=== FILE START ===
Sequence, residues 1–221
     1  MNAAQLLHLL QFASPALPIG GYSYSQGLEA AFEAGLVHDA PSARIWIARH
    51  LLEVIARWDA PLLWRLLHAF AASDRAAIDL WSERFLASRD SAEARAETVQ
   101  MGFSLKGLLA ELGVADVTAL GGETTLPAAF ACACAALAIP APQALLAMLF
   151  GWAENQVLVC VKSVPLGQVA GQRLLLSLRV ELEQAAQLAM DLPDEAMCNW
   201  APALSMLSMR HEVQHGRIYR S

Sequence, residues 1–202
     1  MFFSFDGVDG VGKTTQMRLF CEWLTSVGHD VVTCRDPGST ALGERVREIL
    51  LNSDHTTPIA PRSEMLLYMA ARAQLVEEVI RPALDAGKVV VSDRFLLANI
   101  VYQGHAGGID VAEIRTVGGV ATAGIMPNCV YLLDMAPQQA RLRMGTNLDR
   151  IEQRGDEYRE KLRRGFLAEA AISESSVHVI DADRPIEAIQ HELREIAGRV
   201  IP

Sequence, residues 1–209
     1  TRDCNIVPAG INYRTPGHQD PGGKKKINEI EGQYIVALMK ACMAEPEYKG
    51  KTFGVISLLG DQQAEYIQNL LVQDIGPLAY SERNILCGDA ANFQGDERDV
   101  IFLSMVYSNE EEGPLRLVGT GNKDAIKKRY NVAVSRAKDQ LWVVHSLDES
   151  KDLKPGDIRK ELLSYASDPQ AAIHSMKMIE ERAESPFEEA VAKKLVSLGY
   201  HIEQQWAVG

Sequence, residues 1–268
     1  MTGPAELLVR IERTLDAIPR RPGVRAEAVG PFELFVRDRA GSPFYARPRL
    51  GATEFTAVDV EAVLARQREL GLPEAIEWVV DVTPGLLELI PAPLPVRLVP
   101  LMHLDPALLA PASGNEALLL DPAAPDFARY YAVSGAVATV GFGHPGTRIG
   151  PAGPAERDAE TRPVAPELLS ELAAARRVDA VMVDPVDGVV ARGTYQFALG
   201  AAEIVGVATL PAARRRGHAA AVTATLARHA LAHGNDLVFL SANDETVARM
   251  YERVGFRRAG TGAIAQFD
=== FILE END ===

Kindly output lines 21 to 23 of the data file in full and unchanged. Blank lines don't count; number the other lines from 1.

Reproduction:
    51  GATEFTAVDV EAVLARQREL GLPEAIEWVV DVTPGLLELI PAPLPVRLVP
   101  LMHLDPALLA PASGNEALLL DPAAPDFARY YAVSGAVATV GFGHPGTRIG
   151  PAGPAERDAE TRPVAPELLS ELAAARRVDA VMVDPVDGVV ARGTYQFALG